A three-judge panel from the Fifth Circuit Court of Appeals heard arguments in Comer v. Scott on April 26, 2010. Chris Comer was forced to resign her post as director of science at the Texas Education Agency in November 2007 after she forwarded a note announcing a talk by Barbara Forrest; according to a memorandum recommending her dismissal, "the TEA requires, as agency policy, neutrality when talking about evolution and creationism." She filed suit in June 2008, arguing that the policy violates the Establishment Clause of the First Amendment. The case was dismissed on March 31, 2009, but Comer appealed the decision to the Fifth Circuit.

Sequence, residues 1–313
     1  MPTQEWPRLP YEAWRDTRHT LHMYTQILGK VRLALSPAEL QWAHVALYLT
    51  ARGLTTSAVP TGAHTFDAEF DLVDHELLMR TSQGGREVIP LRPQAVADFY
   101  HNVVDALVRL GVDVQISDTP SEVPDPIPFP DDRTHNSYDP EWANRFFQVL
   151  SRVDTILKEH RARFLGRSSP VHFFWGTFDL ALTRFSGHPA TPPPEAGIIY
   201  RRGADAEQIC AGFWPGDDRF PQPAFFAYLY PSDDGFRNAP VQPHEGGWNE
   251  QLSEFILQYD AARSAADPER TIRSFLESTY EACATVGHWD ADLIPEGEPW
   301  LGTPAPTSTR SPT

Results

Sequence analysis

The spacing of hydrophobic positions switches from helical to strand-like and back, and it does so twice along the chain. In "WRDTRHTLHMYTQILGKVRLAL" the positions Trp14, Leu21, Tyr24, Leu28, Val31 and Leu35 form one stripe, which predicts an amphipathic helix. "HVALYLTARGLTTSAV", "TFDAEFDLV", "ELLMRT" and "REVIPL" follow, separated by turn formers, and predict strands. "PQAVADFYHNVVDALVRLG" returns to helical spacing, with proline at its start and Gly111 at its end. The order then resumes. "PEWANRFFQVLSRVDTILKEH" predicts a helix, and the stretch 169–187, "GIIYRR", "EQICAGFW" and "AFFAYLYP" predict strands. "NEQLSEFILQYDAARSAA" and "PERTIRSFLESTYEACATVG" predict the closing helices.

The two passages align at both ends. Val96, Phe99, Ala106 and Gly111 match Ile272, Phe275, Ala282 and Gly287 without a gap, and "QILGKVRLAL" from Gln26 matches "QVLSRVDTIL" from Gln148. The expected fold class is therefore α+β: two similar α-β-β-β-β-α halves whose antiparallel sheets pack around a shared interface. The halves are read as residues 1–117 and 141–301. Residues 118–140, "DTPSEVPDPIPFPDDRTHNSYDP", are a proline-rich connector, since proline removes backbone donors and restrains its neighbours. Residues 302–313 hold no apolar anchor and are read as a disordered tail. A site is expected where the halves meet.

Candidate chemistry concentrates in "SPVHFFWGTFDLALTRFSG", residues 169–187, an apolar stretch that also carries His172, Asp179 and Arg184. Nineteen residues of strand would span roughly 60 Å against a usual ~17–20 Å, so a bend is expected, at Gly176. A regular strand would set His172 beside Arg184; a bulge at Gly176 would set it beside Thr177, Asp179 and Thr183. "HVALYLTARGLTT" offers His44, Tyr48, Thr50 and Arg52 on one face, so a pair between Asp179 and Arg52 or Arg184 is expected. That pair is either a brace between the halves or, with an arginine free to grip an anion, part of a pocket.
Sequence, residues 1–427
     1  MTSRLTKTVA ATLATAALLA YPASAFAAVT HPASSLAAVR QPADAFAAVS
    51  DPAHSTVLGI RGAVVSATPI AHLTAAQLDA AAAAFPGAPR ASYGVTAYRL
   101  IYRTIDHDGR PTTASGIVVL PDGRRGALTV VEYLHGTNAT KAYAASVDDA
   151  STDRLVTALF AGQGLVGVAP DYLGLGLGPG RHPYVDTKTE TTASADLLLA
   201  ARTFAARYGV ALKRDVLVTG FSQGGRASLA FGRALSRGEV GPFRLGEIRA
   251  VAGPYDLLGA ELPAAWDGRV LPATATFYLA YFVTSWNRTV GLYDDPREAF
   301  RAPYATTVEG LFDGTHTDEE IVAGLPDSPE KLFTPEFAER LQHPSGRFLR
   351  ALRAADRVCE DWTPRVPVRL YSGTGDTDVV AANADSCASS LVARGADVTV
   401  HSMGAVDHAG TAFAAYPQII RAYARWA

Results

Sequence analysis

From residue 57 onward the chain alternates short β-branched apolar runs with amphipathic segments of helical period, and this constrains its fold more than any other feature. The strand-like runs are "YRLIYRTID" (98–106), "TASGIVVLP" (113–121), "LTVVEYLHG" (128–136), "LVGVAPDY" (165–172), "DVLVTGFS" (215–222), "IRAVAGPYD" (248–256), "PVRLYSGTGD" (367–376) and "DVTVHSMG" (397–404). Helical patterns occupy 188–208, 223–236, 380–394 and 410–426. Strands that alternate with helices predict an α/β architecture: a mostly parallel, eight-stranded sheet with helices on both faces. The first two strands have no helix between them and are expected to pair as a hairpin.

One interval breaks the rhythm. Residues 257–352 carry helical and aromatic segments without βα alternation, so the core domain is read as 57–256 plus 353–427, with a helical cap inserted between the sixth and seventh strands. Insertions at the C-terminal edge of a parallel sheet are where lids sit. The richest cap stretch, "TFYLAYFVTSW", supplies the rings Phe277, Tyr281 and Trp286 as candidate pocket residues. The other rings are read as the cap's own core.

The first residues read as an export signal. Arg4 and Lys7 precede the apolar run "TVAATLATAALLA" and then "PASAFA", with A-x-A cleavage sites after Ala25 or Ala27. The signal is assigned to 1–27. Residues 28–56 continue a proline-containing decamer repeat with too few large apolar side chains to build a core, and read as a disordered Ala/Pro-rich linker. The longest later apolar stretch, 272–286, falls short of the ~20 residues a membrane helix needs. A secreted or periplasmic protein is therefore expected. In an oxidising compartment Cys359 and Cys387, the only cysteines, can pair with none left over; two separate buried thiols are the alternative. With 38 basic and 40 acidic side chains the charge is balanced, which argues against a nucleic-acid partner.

In a report from the Associated Press (April 26, 2010), Douglas Mishkin, one of Comer's lawyers, explained that the policy violates the Establishment Clause by in effect endorsing a religious belief: "It takes something that's not science and treats it as if it is." Fortunato Benavides, one of the judges on the Fifth Circuit panel, seemed skeptical, however, commenting, "I can see a free speech claim ... This looks like to me a First Amendment claim in the robe of an establishment claim." It is not known when the panel will issue its ruling. Documents from the case are available on NCSE's website, and a brief video about the case is available on NCSE's YouTube channel.